Taking Back The Net… Or Just Next Generation Focus Groups?

from the viewing-the-online-world-throught-marketers'-glasses dept

News.com is running a series of stories about people “taking back” the web, returning the net to its “social roots.” It’s one of those ideas that sounds good, until you wonder if the internet ever really went away from its “social roots” and if there’s anything that really needs to be “taken back.” Certainly, since the internet has gone commercial, plenty of execs have tried to remake the internet in the image of previously controlled media, but they haven’t really succeeded for the most part. In fact, the first article in the series, about “grassroots taste makers” online who can make or break certain cultural offerings (movies, music, etc.) doesn’t seem like anything new. Those taste makers have always been there. The central character of the article is Harry Knowles, who the movie industry has known about for years and years. There’s nothing being “taken back” here at all. If anything, what’s going on is that marketers are simply learning to move away from old, misleading, pointless focus groups to getting a bit more honest feedback from people online. That doesn’t seem so much like taking back the internet as marketers finally figuring out how to co-opt the internet.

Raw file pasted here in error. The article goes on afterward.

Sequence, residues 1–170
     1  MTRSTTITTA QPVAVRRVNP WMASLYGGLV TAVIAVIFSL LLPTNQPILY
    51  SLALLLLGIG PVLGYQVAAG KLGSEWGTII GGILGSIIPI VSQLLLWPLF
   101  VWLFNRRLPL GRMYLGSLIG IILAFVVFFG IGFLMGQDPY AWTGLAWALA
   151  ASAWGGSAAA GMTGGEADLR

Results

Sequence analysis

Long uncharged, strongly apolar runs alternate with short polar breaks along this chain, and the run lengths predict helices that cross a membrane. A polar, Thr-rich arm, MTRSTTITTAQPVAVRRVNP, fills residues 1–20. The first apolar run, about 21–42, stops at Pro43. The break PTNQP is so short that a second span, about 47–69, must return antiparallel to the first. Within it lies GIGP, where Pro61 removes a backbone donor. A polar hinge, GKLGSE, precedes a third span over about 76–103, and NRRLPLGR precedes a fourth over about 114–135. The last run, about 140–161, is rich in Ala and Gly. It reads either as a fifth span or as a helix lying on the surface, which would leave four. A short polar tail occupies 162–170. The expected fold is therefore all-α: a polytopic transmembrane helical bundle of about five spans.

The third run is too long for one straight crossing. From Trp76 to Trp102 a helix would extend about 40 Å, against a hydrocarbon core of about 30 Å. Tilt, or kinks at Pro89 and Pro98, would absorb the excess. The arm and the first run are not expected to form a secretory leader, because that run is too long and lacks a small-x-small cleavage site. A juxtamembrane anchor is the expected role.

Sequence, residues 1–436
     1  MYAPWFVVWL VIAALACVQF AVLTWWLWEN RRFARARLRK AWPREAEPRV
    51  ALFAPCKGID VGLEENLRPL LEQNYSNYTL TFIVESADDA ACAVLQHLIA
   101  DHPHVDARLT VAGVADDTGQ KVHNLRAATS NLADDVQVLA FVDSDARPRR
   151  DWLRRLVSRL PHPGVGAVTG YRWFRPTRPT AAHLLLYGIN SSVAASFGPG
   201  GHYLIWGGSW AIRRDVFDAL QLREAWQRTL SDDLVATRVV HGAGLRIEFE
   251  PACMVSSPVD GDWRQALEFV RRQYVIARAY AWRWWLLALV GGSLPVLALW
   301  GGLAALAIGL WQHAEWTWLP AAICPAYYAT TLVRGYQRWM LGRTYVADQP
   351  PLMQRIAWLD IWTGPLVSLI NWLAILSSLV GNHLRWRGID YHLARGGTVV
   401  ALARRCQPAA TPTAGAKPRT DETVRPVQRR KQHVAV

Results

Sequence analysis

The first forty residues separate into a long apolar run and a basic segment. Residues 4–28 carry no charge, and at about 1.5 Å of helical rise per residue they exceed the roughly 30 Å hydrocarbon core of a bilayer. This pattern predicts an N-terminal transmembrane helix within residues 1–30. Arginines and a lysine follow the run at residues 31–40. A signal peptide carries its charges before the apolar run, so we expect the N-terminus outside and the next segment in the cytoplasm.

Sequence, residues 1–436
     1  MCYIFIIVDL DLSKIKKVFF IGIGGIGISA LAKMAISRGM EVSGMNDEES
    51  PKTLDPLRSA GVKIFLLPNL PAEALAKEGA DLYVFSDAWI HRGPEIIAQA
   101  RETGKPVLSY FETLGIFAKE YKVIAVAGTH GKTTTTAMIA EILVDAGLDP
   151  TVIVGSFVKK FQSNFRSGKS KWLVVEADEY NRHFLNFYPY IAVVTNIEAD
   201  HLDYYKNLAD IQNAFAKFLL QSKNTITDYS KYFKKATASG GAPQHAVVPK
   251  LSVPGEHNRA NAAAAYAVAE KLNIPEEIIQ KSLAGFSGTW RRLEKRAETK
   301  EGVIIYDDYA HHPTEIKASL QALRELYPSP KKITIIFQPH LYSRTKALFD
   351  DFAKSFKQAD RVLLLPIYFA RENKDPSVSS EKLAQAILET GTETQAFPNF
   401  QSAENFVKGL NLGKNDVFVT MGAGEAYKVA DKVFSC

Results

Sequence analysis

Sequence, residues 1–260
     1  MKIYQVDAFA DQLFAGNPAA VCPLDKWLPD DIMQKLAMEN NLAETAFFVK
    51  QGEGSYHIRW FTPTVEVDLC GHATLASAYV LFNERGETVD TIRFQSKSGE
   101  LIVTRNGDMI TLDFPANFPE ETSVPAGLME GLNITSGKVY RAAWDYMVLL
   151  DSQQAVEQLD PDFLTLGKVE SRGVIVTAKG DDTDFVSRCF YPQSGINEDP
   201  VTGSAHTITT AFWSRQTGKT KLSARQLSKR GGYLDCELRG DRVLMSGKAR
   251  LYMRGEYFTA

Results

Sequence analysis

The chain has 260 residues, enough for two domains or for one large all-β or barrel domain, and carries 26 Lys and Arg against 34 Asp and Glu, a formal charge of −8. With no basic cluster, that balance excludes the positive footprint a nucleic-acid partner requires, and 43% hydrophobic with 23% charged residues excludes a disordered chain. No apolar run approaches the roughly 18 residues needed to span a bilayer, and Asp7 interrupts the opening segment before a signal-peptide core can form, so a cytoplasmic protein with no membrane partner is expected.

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Comments on “Taking Back The Net… Or Just Next Generation Focus Groups?”

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Michael "TheZorch" Haney (profile) says:

Re: Eyes Wide Shut

It tiz to laugh.

Few people know or understand that the Internet has been around for a really long time.

It began in the late 1950’s as ARPANET, an experiment of the Advanced Research Projects Agency of the Pentagon. ARPNET was a system of interconnected computers at Strategic Command Air and Missile bases throughout the US. If a nuclear strike too out one of the bases there others could still communicate with one another, the White House, and the Pentagon. D for Defense was added to the name of the department and the network became DARPANET. In the 1970’s universities and companies like IBM, HP and others were given access to DARPANET in the hopes that they could help build a new infrastructure for the network.

It’s during this time that technologies like Email, FTP, IRC, Usenet and Telnet were developed. DARPANET was released for civilian scientific use and handed over to the United Science Foundation to govern. In the early 1990’s the newly named “Internet” was released for public use. The World Wide Web was developed to replace the aging GOPHER protocol and the rest is history. So who can we thank for the existance of the Internet? Why the Cold War and America’s irrational fear of Communism, of course.

As for the article, it is interesting. Focus Groups really never did much good. They’re views were too narrow, they didn’t offer up enough suggestions based on what everyone really wants, and they were often setup in such a way to please the people in charge of the research anyway.

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